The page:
Morrell8: Why ever not?! It'll be fun!
Other Guys: I'm going to assume that Masters isn't having a drunken party with some French guy with some stolen claret. Now, if this was a parody or I wasn't running out of space in the story I might well have done it differently, but yeah, I'm gonna assume that his wild assumption is correct! I would love to do a parody though of this whole time traveller thing. That'd be kind of cool. I mean, imagine if some Valley Girl got sent back to 1399.
Chapter 43a – The Last Years of Henry VI
Summarised from Chapter 10 of ’Britannia Triumphant’ by Lady Mendenhall.
The last 19 years of King Henry’s reign was one of continued expansion and growth for the British Empire. As the King grew older he retired more and more from public life. Illness from his time in South America came back to haunt him later on in his life, with the result that his public appearances became fewer.
On the cultural and economic front, this era saw a rise in innovations. It was in this time that steam power was discovered to be a useful tool, the electrograph’s early prototypes were developed, and breech-loading cannons were first trialled aboard warships.
During 1777 the current system of currency was introduced, dispensing of many of the older forms of coins, and issuance of paper money for larger transactions. Though disruptive, this reform strengthened the economic viability of the Empire. From thenceforward the system of coins would be pence, shillings and pounds, also called crowns. With this went many of the old abuses of office and judicial grants.
In the military sphere, a series of strong Wheat Chief Ministers led to rapid expansion abroad. In India victories over the native princes doubled the British sphere of influence there. The massed armies of valiant cavalry which had once humbled Britain were now hopelessly outclassed by the rifle armed infantry and heavy artillery.
These campaigns, fought with a minimal amount of British casualties, were made possible by revolutions in supplies. Canning of food and purification of water enabled the armies to move further in harsh terrain than even their enemies.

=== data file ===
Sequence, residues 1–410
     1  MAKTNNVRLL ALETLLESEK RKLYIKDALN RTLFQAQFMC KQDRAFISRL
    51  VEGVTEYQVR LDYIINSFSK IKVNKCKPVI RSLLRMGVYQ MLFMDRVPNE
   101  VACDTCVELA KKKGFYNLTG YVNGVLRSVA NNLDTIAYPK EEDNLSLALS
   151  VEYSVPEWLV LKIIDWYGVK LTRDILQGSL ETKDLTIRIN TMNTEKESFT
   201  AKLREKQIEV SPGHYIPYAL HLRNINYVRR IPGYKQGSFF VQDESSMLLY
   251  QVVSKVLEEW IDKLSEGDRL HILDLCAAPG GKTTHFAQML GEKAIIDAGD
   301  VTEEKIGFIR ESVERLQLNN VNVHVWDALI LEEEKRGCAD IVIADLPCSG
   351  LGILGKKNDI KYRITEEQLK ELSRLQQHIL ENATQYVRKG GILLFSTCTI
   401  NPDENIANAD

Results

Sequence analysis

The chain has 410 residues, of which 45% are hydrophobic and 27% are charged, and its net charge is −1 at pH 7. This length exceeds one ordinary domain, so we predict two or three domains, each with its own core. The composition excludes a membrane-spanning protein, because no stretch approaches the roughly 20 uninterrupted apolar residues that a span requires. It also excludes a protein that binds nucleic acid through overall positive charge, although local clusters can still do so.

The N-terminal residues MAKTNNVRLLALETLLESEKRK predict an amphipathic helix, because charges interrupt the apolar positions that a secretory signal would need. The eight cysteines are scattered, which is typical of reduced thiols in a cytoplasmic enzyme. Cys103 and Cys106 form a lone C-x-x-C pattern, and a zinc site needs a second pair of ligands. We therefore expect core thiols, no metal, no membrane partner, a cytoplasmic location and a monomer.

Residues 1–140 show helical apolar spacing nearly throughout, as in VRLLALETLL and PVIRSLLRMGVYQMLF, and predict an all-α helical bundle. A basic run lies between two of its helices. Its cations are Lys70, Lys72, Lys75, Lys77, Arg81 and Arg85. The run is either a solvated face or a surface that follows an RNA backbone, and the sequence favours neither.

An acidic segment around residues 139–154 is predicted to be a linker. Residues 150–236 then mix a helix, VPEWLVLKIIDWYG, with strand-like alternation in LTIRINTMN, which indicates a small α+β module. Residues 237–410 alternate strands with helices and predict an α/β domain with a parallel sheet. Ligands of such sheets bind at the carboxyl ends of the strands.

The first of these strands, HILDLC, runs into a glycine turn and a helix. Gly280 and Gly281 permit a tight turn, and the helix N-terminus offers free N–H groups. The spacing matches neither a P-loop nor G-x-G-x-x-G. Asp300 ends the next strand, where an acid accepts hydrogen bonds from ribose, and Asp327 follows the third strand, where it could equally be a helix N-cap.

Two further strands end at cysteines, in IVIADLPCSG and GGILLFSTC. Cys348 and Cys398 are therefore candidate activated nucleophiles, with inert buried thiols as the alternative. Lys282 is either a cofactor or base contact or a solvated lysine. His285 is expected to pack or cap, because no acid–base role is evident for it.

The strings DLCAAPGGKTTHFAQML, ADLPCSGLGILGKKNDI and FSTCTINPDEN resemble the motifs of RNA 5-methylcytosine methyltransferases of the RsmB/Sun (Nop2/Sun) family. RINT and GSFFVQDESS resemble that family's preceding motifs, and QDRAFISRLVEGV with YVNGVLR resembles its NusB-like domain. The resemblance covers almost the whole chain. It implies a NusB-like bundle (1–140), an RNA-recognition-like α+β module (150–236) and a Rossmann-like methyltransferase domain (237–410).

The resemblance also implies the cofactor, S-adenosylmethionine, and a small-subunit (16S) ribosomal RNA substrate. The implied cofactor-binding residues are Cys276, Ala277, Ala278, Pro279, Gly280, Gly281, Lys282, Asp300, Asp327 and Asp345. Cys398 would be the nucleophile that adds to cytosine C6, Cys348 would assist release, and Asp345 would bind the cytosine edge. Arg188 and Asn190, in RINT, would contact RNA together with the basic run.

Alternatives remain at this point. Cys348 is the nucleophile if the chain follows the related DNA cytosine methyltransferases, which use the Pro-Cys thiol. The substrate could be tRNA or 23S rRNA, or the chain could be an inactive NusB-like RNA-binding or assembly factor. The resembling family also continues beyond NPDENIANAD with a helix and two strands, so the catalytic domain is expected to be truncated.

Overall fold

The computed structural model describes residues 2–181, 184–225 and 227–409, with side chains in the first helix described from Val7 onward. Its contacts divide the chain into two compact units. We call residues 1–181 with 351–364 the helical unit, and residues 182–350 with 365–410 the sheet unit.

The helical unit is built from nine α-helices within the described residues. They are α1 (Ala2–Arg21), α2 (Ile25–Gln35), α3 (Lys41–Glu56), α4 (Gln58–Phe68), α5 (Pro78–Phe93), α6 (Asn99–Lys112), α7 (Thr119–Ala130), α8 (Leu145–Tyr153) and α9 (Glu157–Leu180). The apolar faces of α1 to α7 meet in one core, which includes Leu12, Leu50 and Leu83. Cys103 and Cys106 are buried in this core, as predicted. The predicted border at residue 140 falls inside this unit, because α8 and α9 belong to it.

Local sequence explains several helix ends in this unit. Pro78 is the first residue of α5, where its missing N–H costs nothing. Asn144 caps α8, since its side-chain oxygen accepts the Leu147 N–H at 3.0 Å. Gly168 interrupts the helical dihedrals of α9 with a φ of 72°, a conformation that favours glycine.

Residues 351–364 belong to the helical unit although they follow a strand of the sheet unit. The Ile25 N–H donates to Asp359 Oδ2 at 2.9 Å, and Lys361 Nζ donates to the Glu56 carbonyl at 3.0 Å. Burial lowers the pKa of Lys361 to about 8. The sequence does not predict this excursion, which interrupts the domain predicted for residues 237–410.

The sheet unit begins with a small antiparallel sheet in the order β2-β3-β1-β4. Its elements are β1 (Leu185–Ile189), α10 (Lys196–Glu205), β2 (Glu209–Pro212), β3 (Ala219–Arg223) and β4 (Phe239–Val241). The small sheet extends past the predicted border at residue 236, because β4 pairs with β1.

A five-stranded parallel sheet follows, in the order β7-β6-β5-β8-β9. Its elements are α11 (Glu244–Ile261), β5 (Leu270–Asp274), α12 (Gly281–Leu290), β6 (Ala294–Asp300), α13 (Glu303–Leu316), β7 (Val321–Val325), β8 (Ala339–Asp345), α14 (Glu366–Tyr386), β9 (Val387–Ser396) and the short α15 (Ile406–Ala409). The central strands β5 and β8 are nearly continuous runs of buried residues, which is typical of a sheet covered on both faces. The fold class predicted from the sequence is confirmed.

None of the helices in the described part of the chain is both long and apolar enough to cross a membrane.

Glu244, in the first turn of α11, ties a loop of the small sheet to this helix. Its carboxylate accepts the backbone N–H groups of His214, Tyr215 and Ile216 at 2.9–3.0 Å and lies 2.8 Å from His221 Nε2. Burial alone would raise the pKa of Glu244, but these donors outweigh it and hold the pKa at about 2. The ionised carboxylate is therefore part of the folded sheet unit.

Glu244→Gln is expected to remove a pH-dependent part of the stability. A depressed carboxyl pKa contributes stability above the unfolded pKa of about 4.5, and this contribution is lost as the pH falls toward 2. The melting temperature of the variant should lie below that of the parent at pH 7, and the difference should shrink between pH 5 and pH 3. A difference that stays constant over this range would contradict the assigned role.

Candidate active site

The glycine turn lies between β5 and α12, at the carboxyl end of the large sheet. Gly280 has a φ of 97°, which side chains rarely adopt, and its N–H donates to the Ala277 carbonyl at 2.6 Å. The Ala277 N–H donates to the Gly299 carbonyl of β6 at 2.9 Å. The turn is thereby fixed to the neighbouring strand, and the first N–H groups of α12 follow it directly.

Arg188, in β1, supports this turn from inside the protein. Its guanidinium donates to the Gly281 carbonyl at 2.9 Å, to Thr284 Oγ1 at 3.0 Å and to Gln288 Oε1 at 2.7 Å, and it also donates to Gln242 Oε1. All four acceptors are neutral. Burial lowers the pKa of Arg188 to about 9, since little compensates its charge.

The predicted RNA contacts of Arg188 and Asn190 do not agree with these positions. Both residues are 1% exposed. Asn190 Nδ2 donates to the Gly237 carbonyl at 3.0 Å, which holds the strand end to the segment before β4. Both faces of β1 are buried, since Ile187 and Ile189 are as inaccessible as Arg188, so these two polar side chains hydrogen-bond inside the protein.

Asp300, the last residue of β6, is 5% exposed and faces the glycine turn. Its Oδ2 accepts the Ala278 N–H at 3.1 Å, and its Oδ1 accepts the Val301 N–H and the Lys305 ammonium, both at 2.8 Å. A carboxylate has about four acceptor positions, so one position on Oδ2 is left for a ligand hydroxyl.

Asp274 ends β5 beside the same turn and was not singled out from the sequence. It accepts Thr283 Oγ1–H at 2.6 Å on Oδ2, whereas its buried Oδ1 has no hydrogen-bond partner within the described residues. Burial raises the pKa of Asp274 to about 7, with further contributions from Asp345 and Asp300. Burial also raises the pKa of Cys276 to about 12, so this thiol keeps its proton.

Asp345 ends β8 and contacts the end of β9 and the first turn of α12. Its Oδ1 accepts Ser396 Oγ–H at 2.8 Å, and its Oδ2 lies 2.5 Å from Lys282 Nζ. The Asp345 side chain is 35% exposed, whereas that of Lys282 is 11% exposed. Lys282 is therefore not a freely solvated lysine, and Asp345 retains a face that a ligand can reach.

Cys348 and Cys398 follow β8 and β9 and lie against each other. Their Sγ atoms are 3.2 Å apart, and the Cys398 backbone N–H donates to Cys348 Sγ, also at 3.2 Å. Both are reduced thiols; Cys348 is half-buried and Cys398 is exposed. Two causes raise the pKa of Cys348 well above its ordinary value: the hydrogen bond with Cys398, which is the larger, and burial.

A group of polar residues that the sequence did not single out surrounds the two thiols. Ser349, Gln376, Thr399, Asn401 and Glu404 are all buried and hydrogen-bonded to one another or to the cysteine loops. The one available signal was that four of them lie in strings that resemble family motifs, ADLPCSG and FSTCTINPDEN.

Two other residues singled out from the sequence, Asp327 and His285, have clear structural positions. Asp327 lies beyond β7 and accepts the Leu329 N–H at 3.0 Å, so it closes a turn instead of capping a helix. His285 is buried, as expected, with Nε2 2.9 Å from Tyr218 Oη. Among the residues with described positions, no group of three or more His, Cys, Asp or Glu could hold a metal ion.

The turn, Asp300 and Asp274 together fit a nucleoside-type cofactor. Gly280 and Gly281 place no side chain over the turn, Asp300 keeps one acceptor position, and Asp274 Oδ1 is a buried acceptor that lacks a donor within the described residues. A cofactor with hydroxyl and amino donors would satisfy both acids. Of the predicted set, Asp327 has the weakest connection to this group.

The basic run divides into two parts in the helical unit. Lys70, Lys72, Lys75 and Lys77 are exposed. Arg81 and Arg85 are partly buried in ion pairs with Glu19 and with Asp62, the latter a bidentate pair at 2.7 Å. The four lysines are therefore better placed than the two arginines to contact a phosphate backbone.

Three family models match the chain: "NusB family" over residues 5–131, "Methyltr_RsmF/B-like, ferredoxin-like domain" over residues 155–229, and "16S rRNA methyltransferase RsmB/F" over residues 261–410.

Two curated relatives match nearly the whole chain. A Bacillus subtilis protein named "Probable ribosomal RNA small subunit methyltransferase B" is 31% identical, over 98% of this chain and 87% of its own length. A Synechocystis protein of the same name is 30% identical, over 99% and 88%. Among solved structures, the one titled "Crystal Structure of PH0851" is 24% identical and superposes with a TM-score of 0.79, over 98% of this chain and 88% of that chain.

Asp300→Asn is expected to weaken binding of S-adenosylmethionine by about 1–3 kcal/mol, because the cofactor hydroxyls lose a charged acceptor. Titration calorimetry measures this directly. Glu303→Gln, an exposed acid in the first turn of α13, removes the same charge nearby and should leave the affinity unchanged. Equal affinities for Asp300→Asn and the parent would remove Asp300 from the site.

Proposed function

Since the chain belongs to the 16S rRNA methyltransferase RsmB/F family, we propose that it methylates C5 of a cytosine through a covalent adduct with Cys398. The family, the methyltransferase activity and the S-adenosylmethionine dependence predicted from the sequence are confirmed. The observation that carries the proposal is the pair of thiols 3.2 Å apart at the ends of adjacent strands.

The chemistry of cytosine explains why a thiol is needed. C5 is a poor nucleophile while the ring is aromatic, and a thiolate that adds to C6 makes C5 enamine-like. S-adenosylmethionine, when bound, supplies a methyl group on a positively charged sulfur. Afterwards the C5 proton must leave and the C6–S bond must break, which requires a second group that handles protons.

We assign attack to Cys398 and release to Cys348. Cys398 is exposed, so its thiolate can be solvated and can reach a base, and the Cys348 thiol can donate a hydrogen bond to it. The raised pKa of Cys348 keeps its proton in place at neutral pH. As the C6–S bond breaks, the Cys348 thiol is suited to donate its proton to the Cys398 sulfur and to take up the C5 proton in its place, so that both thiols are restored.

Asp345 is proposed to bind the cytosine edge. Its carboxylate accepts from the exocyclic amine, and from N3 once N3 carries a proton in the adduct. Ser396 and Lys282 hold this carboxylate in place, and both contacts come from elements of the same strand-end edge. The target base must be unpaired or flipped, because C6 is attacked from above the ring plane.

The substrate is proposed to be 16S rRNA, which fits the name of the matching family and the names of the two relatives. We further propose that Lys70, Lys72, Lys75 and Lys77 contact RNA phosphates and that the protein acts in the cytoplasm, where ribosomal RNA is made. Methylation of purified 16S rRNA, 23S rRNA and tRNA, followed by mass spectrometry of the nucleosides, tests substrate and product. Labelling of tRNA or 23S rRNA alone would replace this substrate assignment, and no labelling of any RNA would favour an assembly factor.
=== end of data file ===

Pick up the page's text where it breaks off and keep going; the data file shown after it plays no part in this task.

In a war with the Spanish started by the short lived Barley Chief Minister John Dalton, British forces intervened to help the rebels in South America achieve independence. The slight contradiction involved in British forces helping rebels so soon after repressing their own was not lost on many. John Dalton furthermore was a Barley, and therefore not popular with his own party, and in the next election George Alten of the Wheats was swept into power, as the Barleys split on foreign policy.
On a more personal note, King Henry’s only failure was that his only heir to survive infancy, Prince William, died in 1778. The Prince had followed in his father’s footsteps for the most part, being stern, serious and sober. However, on his 38th birthday he was persuaded to go on a hunt, despite the fate of many British princes in this regard! Regardless the Prince’s horse reared and fell, the unfortunate William expiring soon afterwards.
The King had to turn to his brother James, a man not of the most brilliant intellect or military skill, but a gregarious and well liked man. Though already thirty-three he had married the beautiful and influential Caroline Adams, and she was pregnant already with their first daughter Anne. The succession was assured.
The King celebrated the marriage and pregnancy of his brother and Princess Caroline with a grand ball in the capital. However, the exertions taxed the seventy-seven year old King too much, and his health declined rapidly so that just two days over a year later King Henry VI died. He had been in almost every way an admirable king, and for fifty two years he had brought Great Britain to heights of power undreamed of before. When he died he left a powerful state, not knowing that a great crisis was just about to break.